Emotional Health – Importance of Stress

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How to deal with stress in your studies

Managing your stress levels during study

One thing that’s a part of every students life within tertiary study is stress- it’s inevitable! We’re constantly bombarded with exams, assignments and deadlines no wonder we’re always worrying and procrastinating 24/7. Managing stress as a student is difficult as we’re juggling jobs along with our education, worrying about our marks/assessment items and our future! How scary can these thoughts be especially when sometimes we tend to overthink e.v.e.rythingggg!??! Being a student is overwhelming that’s for sure. Every “free time” we have is used to further enhance our CV (Internships, work experiences, making plans for your future) instead of, relaxing and rewarding yourself from all of your academic achievements.

We often neglect our emotional health and the importance of stress during these nerve-racking times which can cause detrimental effects in the long run. Some say it’s impossible to have a stress free life. As a student myself I can relate to majority of the problems that is encountered while completing my tertiary studies. In saying that, it IS possible to live in a stress free environment by finding ways that are suitable for us to combat stress. Balancing your study and personal life is fundamental to emotional health. If we try to continuously study, stay up late writing assignments and work all day our health would be in critical danger due to nonstop pressure and fatigue.

Let’s be honest here. If you’re not studying or completing assessments do you feel guilty and ashamed for not doing so? If you answered yes it’s perfectly normal for a student to feel this way! There’s been multiple times where I’ve worried myself sick for not studying and questioning myself “What is my life?” and “IS THIS WHAT I WANT TO STUDY???”. However planning and organising your schedule does make a difference and reduces stress within your lifestyle. Preparing when and what time you allocate yourself to complete tasks is beneficial!

Offer yourself rewards by incorporating break times which give you the opportunity to relax and get your mind refreshed once you return. Combining other recreational or ‘non study activities’ is great to use your break time effectively and reduce stress! Playing sport, watching TV, reading, hanging out with friends and going for a walk are simple and fun activities that will give you a valuable break from your academic tasks. Yoga and meditation is highly recommended in reducing stress as you learn breathing techniques that make you relaxed and calm. With innovative technology and social media becoming a part of our day to day lifestyle, it’s important to know how long we’re spending time with our faces glued to our screens. Limiting our social media usage is crucial as it can lead to more stress as we’re often comparing ourselves with online users and asking “Why can’t I have their life” or “Why can’t I be better”.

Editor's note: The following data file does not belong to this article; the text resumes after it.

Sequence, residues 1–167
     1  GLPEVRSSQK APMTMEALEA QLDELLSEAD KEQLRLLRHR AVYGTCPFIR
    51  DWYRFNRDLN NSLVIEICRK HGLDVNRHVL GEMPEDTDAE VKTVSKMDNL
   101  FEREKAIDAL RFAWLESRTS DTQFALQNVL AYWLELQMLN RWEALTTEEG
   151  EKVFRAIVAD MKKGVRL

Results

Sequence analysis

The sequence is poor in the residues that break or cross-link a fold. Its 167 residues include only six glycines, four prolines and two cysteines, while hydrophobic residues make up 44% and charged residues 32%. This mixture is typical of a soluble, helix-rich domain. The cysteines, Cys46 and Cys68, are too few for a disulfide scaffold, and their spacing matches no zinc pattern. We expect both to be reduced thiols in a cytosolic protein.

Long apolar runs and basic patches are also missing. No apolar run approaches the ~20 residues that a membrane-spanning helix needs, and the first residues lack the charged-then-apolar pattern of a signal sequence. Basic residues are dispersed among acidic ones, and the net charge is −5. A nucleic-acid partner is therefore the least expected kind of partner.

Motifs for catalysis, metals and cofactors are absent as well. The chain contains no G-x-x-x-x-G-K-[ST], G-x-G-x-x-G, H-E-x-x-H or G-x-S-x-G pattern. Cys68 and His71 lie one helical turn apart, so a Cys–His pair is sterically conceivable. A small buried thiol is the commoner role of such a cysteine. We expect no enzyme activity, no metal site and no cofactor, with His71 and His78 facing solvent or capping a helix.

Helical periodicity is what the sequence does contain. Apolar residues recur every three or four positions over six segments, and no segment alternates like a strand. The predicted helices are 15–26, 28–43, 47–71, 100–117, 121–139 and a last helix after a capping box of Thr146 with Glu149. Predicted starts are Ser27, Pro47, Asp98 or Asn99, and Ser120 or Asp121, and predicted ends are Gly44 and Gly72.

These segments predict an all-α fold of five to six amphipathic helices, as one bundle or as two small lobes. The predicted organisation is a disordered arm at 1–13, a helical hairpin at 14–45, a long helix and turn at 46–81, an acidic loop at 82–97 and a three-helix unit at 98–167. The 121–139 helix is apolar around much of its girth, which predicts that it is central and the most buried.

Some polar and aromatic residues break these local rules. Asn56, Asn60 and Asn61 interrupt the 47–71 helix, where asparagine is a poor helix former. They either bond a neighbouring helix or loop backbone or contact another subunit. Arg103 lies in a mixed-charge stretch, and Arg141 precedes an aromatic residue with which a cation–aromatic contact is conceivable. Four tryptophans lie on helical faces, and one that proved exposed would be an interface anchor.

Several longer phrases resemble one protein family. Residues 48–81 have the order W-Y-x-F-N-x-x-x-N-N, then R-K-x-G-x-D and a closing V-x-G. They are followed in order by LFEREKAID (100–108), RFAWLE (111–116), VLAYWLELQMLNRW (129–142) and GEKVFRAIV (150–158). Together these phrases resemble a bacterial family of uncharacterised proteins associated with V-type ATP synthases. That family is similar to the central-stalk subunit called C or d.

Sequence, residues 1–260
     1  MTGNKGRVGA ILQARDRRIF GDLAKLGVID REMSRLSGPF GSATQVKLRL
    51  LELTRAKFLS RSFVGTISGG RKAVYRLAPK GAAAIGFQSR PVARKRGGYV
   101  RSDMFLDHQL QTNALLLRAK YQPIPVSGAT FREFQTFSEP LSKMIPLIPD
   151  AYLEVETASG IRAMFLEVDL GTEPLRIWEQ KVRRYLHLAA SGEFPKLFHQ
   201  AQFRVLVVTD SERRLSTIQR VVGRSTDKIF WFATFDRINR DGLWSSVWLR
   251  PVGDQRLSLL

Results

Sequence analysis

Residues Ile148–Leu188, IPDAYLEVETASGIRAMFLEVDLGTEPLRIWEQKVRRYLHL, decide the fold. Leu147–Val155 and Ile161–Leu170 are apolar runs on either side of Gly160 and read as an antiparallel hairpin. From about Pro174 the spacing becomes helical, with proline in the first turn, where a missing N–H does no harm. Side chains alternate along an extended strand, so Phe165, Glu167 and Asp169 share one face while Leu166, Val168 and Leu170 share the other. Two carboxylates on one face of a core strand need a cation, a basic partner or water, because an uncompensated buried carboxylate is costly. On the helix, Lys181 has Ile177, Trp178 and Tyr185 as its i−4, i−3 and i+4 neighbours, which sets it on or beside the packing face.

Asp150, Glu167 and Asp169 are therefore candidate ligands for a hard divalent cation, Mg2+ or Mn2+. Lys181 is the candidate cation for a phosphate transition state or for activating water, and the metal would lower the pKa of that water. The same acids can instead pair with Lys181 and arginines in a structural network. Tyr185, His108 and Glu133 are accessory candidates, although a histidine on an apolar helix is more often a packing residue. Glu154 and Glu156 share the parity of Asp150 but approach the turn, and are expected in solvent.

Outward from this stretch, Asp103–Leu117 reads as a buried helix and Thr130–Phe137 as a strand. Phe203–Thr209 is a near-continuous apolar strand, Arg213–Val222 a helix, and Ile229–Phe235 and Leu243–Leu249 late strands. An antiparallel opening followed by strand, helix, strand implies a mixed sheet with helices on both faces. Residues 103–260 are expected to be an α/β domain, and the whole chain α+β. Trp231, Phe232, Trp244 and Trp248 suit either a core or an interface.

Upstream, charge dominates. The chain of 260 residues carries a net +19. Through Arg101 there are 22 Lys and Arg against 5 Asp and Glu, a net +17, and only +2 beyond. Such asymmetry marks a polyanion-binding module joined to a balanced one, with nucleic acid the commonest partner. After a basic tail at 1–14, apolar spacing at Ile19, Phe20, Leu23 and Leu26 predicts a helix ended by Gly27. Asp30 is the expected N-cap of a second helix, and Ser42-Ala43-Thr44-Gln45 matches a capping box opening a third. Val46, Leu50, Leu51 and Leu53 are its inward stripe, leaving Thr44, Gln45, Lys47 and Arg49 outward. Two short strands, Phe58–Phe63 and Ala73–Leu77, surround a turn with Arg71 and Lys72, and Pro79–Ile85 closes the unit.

Minimise negativity in your life, you’re all perfect just the way you are! Werk it!Click To Tweet
Consequently managing stress is vital for a healthy body and mind. Too much stress can lead to negative outcomes including headaches, high blood pressure, chest pains, stomach aches and troubles with sleeping. Treating stress now will reduce long term outcomes such as strokes, heart attacks and reduce the risk of diabetes. Laughter is truly the best medicine as it boosts your mood as stress is relieved when laughing! If you are suffering from stress don’t feel embarrassed and seek help from your friends, family or your guidance counselor. Surrounding yourself with positivity and loved ones will help defuse stress and make your life easier. All of your goals can be achieved without stress if you pace yourself and discover methods that help you to reduce stress.

 

Article By Anja Botic

References:
http://www.theguardian.com/education/mortarboard/2013/nov/06/students-ten-ways-to-beat-stress
http://www.helpguide.org/articles/emotional-health/laughter-is-the-best-medicine.htm
http://www.healthline.com/health/stress/effects-on-body
http://www.webmd.com/balance/stress-management/effects-of-stress-on-your-body